intermediate programmer ????

closed account (iw0XoG1T)
What constitutes a beginner? Just curious--I consider myself a beginner, but I have been programming on and off with C++ for years. Now in my defense I am older than most of the individuals who post here--and I believe that your mind does not work as well after you turn 40.
Now that I stated that I am a beginner, and I have been screwing around for years, what do you expect an individual to know and use with proficiency in C++ before they can be called an intermediate C++ programmer.
Memorizing the syntax does not make a programmer. Being able to solve real world problems and know what tools to use, does. An intermediate programmer would be you're average programmer that can solve typical business problems and write relatively bug free code, that needs direction on more difficult problems (this describes most developers). An expert programmer is everyone else.... and would probably be more along the lines of a programmer that can solve highly complex problems with mostly bug free code that fully understands the underlying concepts of computer science. Problems that fall outside of the normal business op issues for example simulation or scientific programming, or difficult system integrations.
I find that the definitions of beginner, intermediate, expert, and master are highly relative and change radically from person to person. I kinda like Return 0's, though.

Its very subjective. But I would tend to class people who are still learning the syntax and basic how control loops work, how to define a class etc... as beginners. When they have those things together then I suppose they enter into the intermediate zone. The intermediate zone lasts for about 10 years... ;o)

Regarding what Return 0 said about bugs. There comes a point somewhere along the way when you just get tired of fencing bugs. Then you start to learn how to minimise the risk of introducing bugs and code defensively. Programming then become more about reducing complexity and writing as simple code as possible. It becomes less about solving algorithmic problems and more about building the whole machine in such a way that bugs can be found more easily, additions and modifications are less painful and the original specifications are adhered to more closely.

So I would say:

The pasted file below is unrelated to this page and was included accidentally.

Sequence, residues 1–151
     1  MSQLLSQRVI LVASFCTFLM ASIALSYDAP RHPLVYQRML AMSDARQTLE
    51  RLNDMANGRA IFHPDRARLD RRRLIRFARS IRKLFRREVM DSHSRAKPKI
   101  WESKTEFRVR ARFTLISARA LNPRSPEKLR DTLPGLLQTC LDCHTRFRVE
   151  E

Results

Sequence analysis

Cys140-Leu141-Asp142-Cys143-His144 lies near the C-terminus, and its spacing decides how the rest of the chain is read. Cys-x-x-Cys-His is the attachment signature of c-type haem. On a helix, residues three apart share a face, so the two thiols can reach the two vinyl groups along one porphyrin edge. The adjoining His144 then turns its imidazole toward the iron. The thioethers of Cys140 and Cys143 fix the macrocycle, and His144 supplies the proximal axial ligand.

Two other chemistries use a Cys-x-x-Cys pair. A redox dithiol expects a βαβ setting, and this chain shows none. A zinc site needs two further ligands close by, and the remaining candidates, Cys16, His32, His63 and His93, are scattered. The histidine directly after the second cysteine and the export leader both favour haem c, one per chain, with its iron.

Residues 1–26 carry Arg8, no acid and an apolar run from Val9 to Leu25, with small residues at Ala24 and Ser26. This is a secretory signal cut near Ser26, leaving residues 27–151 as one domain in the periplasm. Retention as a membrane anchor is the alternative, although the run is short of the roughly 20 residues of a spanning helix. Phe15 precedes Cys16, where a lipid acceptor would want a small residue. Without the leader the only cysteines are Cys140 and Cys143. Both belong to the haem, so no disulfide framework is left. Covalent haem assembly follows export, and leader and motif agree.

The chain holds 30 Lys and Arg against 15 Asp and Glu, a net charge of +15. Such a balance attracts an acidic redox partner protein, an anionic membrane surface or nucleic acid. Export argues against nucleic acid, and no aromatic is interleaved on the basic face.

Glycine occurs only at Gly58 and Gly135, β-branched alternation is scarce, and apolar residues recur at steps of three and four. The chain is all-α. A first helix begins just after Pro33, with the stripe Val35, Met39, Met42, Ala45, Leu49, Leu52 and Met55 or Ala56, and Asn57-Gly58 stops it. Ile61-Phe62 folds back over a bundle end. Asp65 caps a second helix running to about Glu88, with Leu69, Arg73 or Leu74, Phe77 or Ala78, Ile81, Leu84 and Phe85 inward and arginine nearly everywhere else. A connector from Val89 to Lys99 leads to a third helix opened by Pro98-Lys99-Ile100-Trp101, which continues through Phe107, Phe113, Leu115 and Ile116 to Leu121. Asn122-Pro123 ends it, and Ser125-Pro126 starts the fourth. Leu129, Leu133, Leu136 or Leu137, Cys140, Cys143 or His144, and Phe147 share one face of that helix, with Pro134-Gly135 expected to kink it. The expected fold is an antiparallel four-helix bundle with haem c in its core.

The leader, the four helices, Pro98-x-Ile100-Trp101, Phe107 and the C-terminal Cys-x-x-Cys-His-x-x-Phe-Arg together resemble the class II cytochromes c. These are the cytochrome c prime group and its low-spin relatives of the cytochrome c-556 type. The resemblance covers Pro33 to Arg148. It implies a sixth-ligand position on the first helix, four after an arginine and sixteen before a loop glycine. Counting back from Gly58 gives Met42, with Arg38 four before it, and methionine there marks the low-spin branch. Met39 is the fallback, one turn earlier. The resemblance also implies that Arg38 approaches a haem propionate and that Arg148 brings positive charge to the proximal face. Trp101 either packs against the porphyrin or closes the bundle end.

Beginner: Syntax, basic control structures, standard libraries.

Intermediate: Learning how to design algorithms and apply logic in order to achieve a desired computing goal. How to access databases, how to communicate across a network, how to write graphics etc...

Mature: Taking on board the wider disciplines of design, maintenance and project organisation. Testing regimes, methodological approach. Ways to make the cost of programming less painful and more productive.

I think it is fair to say that the lines between those three can get rather blurred.

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The way I see it, "beginner", "intermediate", and "advanced" are vague words with no clear definition. Asking "what makes an intermediate programmer?" is like asking "when does a heap of sand stop being a heap of sand?"
But, if you're looking for some consensus, IMO an average programmer in a given language is one who take someone else's code in any form (binary or source) and do something with it (modify it or use it as a black box) to do something useful. While this may seem like a lax definition, it actually requires a few key skills, such as being able to understand other people's code, read documentation, use the language's library system (in the case of C and C++, this is fairly complicated, specially if you're doing cross-platform development), etc.
I think that's a reasonable definition of "average".
closed account (EzwRko23)
@Galik: true, I couldn't say it better.

// Look ma! No Scala better than C++ post. :D
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